AHA Center Grant Will Explore Early Life Origins of Heart Health

June 20, 2017

Heart health in children will be the focus of three closely synergistic research projects and an integrated multidisciplinary training program that are newly funded by a $3.7 million four-year grant. The center grant, “Early Life Origins of Cardiovascular Health: Healthier, Earlier,” is a partnership between the Ann & Robert H. Lurie Children’s Hospital of Chicago, Northwestern’s Institute for Innovations in Developmental Sciences (DevSci), and Northwestern Medicine.

The projects will be led by Bradley Marino, professor of pediatrics and medical social sciences and codirector of research and academic affairs in the Heart Center at Ann & Robert H. Lurie Children’s Hospital of Chicago.

“Today, ideal cardiovascular health is rare in middle age and that is due to progressive loss that starts in childhood,” says Marino, codirector of the DevSci Neurodevelopmental Resource Core. “Through three closely interrelated studies, we will aim to define a novel paradigm for measuring, monitoring, and modifying cardiovascular health from birth to age 12. This will help us learn how to promote, preserve, and restore ideal heart health for all.”

This award is the first center grant sponsored and supported by DevSci, directed by Laurie Wakschlag, medical social sciences vice chair for scientific and faculty development. On the center grant, Wakschlag will orchestrate collaborative activities that will bridge developmental science, neuroscience, pediatrics, and preventive cardiology.

DevSci’s mission is to motivate and lead transformative science to engender a “healthier, earlier” population — beginning even before birth — and continuing throughout life.

“We have long known that the developmental origins of common diseases of aging begin early in life. But the markers of susceptibility to adult disease in young children have not been discovered,” says Wakschlag, “This 'healthier, earlier' Center advances DevSci’s mission via an innovative, multidisciplinary approach. To transform cardiovascular health promotion and reduce the burden of cardiovascular disease this center will close the ‘0–8 evidence gap’ by generating cardiovascular risk profiles in very young children.”

Heart disease and stroke affect more than 100 million Americans, but these conditions can be prevented by paying more attention to heart health in kids.

Northwestern is one of only four centers selected to participate in the American Heart Association’s Strategically Focused Children’s Research Network, and research by Marino and colleagues will provide evidence for innovative policies, programs, and practices to preserve cardiovascular health in childhood and beyond. The center will be codirected by Donald Lloyd-Jones, senior associate dean for clinical and translational research at Northwestern.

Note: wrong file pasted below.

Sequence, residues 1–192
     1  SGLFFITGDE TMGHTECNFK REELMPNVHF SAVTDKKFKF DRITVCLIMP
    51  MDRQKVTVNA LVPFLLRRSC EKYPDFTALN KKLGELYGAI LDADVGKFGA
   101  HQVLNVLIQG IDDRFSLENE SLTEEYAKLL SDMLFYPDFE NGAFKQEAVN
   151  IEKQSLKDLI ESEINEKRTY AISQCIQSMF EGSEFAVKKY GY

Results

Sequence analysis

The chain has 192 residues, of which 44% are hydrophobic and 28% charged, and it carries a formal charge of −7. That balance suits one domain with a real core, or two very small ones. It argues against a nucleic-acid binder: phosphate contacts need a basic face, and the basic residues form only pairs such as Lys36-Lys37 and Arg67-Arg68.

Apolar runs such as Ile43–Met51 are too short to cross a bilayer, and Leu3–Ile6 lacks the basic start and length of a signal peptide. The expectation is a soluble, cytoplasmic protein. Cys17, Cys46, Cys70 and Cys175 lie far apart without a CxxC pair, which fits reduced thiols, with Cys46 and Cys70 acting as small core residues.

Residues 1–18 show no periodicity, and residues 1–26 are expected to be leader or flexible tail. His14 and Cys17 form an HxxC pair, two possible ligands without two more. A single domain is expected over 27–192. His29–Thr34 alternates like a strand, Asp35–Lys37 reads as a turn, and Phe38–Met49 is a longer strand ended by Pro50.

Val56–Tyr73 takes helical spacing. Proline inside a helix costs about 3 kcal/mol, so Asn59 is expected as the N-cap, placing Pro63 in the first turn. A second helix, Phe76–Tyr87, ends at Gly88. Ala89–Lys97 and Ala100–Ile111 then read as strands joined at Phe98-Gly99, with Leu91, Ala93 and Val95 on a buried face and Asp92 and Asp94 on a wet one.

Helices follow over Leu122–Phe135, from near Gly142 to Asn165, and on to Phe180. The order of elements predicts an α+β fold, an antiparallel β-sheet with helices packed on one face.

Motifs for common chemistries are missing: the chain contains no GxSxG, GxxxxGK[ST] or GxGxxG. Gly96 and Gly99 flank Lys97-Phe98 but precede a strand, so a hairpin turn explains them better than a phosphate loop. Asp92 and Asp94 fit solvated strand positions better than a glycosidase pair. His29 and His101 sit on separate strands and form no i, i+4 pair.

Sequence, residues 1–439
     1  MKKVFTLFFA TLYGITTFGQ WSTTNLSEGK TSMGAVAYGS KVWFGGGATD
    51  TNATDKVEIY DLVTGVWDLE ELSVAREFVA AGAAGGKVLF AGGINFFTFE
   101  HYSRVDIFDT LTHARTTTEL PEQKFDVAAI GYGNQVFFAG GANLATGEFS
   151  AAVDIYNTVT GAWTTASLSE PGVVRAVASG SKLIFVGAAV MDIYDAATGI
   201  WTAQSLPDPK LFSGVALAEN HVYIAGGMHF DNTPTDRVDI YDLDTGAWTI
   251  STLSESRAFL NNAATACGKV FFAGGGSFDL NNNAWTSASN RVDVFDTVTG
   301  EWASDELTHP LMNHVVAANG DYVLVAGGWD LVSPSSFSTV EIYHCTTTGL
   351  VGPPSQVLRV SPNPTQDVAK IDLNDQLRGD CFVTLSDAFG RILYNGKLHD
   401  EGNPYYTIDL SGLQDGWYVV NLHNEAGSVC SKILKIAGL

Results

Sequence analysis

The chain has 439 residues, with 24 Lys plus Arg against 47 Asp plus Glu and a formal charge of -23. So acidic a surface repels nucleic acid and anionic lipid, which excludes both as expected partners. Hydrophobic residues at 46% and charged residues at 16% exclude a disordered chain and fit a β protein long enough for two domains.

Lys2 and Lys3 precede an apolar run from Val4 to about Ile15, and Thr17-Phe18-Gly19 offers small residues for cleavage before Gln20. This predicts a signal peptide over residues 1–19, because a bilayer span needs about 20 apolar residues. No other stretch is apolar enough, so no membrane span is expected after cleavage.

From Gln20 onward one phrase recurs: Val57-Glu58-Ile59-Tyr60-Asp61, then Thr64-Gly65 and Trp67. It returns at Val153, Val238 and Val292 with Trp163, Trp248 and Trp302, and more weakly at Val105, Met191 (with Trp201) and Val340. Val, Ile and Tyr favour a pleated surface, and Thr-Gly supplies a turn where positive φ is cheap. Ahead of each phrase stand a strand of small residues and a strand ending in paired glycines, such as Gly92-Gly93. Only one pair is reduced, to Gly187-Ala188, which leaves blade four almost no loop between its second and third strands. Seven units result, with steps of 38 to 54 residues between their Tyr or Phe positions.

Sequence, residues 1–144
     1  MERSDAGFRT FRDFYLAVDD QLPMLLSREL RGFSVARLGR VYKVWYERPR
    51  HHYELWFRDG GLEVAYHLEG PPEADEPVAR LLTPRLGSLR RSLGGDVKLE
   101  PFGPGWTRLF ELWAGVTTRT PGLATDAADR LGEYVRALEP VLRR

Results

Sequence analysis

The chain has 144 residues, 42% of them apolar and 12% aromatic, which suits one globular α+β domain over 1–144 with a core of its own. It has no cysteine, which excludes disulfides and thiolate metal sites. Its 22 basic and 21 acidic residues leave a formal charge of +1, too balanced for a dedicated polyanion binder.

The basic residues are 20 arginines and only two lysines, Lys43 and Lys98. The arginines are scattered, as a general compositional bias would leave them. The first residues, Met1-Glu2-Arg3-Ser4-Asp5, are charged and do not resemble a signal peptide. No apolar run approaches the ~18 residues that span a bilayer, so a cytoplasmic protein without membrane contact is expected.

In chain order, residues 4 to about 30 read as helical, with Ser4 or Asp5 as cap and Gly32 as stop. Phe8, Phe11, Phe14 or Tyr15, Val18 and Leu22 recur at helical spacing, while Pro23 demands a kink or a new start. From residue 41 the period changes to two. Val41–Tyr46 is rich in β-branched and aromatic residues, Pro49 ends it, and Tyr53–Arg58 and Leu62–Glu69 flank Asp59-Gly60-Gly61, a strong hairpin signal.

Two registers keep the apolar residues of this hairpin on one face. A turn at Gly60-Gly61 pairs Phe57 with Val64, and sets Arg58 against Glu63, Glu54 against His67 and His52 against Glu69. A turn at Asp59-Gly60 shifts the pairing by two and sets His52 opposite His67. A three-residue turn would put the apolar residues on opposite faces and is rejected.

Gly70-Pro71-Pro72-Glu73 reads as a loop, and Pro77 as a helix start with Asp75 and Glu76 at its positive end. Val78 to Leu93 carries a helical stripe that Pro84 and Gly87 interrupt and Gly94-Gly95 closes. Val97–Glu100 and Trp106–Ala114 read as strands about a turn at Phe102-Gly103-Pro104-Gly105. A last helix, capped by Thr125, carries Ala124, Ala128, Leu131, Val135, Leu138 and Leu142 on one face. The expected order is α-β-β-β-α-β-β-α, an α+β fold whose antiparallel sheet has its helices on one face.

In addition to Marino and Wakschlag, DevSci’s leadership maintain key roles in the new research initiative. The center’s Training Program is led by DevSci’s Codeputy Director Matthew Davis, professor of pediatrics and chief of the Division of Academic General Pediatrics at Lurie Children’s Hospital.

Norrina Allen, preventive medicine and DevSci Data Science Hub codirector, leads the center’s population study, which is titled “CVH Trajectories from Birth Through Adolescence.” This project will, for the first time, evaluate key potential modifiers of neurodevelopmental health and social and environmental exposure on cardiovascular health trajectories. DevSci Neurodevelopmental Resource Core Codirector Elizabeth Norton, communication sciences and disorders and medical social sciences, is a co-investigator on both the population study and the clinical intervention study, leading the neurodevelopmental assessment and data integration aspects of the study.

The center’s clinical intervention project, titled “Keeping IDeal CVH Family Intervention Trial: KIDFIT” and led by Linda Van Horn, preventive medicine, will evaluate the effect of an antenatal maternal weight control intervention and concurrent childhood dietary intervention on cardiovascular health metrics in children aged 3 to 5.

The center’s basic science project is known as “Characterizing Dynamic Epigenomic CVH Markers in Early Life” and is led by Lifang Hou, preventive medicine. This effort will assess dynamic epigenetic markers of fetal and early life cardiovascular health from birth to 12 years of age overall, and in the context of neurodevelopmental health and social and environmental exposure (in patients in the population study). It will also make assessments in response to the clinical interventions in patients in the clinical intervention study.

The DevSci Institute will host an official launch event on June 29 in Chicago. Click here to RSVP for the event or to receive more information about DevSci.

Originally Appeared: